“The unjust seizure of land from the longtime residents of these three communities in the Chavez Ravine neighborhood is a chapter in our city’s history that we cannot rewrite,” said Alfred Fraijo, Jr., Latino community leader. “Our homes are central to our livelihood and sense of being—and often the most important asset in the building of generational wealth. Belated as it may be, we hope this legislation will begin a larger conversation about how to restore justice to all those who bear the scars of social, racial, and economic discrimination, and create an opportunity for healing and reconciliation for all Angelenos.”

Specifically, if enacted into law, AB 1950 would result in:

  • Historical Accountability: Mandates a comprehensive report detailing events surrounding the land acquisition and displacement, and makes it publicly available to foster transparency and education about this pivotal moment in Los Angeles' history.
  • Reparative Measures: Proposes various forms of compensation, including offering City-owned real estate comparable to the original Chavez Ravine landowners or providing fair market value compensation adjusted for inflation. It also creates pathways for displaced non-landowning residents to receive relocation assistance, healthcare access, employment support, educational opportunities, and other forms of compensation deemed appropriate by a newly established Task Force.
  • Permanent Memorial: Requires the construction of a memorial on Chavez Ravine or adjoining property to honor the displaced residents and their legacy.

It is important to note AB 1950 focuses solely on the displaced community of Chavez Ravine and does not involve the Los Angeles Dodgers or Dodger Stadium.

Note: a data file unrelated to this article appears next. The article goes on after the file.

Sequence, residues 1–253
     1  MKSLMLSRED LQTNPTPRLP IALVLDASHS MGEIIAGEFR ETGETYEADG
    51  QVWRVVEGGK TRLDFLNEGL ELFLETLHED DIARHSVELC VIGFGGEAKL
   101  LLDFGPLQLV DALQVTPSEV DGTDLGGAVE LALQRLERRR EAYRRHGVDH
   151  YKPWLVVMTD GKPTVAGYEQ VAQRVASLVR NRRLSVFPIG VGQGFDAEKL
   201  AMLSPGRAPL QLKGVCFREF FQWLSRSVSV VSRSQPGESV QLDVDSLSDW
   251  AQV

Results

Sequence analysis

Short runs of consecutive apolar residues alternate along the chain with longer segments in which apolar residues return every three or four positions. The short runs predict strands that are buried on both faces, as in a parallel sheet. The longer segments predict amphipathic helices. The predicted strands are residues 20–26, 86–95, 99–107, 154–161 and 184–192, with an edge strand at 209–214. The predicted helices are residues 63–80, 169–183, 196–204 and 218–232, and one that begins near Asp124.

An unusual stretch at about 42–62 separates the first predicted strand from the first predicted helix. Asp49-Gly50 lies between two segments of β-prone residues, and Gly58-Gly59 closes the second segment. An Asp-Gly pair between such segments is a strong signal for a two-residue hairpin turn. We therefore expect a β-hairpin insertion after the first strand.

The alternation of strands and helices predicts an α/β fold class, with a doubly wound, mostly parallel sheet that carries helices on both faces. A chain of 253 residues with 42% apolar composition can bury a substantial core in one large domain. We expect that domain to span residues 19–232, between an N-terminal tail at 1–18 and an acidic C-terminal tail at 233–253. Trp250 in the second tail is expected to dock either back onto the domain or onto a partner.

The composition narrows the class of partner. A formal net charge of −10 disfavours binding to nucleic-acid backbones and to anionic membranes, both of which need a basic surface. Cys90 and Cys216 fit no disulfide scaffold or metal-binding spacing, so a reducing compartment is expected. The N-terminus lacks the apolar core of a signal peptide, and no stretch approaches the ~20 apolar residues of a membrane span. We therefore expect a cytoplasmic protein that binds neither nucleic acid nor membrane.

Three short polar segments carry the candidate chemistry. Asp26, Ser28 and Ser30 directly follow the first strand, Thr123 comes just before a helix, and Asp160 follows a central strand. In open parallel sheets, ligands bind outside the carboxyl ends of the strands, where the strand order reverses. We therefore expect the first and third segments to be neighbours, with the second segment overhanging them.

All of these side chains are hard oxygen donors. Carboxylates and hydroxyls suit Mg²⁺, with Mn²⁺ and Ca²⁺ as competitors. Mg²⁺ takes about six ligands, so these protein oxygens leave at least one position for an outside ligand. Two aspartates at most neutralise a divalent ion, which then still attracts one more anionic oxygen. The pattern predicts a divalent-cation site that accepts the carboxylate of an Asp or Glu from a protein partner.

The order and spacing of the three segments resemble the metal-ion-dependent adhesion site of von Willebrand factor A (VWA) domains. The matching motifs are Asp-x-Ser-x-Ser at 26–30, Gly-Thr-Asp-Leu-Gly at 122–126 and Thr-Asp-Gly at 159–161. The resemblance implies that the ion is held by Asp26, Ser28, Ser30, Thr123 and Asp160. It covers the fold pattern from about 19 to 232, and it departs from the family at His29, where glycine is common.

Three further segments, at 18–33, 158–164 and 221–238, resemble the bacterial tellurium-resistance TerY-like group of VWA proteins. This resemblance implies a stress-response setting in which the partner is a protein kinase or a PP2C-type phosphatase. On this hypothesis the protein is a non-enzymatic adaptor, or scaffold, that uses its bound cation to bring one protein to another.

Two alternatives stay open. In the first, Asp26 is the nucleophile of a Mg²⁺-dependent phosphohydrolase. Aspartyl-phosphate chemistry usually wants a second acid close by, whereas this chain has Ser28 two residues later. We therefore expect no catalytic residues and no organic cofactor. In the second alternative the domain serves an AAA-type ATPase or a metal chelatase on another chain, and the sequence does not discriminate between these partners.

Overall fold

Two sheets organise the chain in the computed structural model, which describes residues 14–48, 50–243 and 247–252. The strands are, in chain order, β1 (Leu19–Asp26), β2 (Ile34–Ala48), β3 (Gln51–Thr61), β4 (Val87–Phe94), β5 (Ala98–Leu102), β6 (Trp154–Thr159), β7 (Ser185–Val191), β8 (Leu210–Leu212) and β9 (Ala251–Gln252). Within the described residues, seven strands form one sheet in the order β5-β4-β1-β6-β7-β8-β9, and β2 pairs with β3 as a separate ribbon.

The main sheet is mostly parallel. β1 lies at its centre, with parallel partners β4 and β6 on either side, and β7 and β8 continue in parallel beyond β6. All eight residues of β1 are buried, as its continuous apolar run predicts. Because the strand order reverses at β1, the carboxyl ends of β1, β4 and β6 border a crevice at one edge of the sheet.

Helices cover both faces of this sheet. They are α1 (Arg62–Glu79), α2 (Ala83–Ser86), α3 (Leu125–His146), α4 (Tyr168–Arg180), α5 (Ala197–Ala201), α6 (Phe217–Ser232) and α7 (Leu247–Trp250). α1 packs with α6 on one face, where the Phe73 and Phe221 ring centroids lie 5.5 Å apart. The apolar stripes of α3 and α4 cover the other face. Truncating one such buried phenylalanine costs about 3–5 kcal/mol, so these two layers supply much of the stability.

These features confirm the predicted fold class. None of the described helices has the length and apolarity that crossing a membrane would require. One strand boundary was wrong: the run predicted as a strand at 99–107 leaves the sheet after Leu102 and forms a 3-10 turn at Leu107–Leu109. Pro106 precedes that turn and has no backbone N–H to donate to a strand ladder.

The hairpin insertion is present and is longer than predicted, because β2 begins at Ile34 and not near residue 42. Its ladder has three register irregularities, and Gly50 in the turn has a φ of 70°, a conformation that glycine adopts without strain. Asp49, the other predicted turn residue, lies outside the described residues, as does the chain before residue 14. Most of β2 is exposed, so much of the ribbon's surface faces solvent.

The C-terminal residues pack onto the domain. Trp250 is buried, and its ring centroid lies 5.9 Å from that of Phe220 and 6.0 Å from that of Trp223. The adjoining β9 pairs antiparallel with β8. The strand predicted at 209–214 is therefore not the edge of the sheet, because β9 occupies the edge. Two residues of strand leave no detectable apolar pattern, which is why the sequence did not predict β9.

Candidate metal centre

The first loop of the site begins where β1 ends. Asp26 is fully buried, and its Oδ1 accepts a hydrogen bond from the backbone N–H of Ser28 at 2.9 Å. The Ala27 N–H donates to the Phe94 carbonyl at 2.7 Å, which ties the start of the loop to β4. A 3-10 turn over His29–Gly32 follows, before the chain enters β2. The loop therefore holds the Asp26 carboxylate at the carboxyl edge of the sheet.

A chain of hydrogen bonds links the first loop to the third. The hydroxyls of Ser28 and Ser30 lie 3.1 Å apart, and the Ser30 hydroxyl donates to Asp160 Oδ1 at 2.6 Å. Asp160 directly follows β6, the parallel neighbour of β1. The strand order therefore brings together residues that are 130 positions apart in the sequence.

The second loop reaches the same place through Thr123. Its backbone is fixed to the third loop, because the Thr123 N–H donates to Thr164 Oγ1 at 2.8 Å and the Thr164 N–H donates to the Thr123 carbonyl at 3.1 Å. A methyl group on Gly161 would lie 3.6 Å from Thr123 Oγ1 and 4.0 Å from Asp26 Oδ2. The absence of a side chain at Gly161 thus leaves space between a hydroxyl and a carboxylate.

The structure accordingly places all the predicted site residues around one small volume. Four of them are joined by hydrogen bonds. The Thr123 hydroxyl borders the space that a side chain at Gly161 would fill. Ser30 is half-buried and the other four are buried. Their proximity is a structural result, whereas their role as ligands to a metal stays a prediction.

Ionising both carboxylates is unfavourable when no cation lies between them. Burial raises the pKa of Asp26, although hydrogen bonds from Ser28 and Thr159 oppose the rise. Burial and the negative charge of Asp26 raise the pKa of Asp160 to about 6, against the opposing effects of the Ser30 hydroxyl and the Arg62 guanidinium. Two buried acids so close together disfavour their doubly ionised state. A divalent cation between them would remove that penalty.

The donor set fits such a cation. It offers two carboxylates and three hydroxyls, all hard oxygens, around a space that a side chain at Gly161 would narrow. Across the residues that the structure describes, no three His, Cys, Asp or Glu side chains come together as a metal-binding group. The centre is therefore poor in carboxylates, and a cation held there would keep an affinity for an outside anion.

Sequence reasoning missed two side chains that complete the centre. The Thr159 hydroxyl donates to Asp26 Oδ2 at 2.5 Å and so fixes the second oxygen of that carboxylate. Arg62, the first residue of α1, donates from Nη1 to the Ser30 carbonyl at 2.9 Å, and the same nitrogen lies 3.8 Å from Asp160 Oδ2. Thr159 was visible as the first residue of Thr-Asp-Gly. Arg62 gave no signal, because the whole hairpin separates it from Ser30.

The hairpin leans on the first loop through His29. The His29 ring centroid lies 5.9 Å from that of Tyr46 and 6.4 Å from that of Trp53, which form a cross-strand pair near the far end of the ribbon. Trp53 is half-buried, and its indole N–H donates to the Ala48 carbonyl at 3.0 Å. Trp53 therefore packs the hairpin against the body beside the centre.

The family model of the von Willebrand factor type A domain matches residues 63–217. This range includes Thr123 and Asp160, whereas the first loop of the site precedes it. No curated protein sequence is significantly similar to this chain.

The measure will be heard in the Assembly’s Judiciary Committee. The text of the measure can be found at:


About Assemblywoman Wendy Carrillo

Assemblywoman Carrillo was elected to serve in the State Assembly in December 2017. She represents the 52nd Assembly District, which includes East Los Angeles, the City of Los Angeles, and South Glendale. She serves on the Assembly Committees on Appropriations, Emergency Management, Health, Labor and Employment, and the Joint Committee on Climate Change Policies. She also serves as the Chair of the Select Committee on Latina Inequities, Vice Chair of the Legislative Progressive Caucus, Commissioner for the California Film Commission, Commissioner for the Mental Health Services Oversight and Accountability Commission, and Member of the California Cultural and Historical Endowment Board.

About Insurance Commissioner Ricardo Lara

Using every tool at his disposal, Insurance Commissioner Ricardo Lara's goal is to safeguard the integrity of the state’s insurance market composed of consumers, drivers, homeowners, and businesses. He is focused on addressing decades-long neglected issues and taking on powerful, entrenched special interests to make insurance more available, which in turn will lead to greater affordability.

Led by Commissioner Lara, the California Department of Insurance is the consumer protection agency for the nation's largest insurance marketplace, safeguarding all of the state’s consumers by fairly regulating the insurance industry. Under the Commissioner’s direction, the Department uses its authority to protect Californians from insurance rates that are excessive, inadequate, or unfairly discriminatory. The Department oversees insurance company solvency to pay claims, set standards for agents and broker licensing, perform market conduct reviews of insurance companies, resolve consumer complaints, and investigate and prosecute insurance fraud.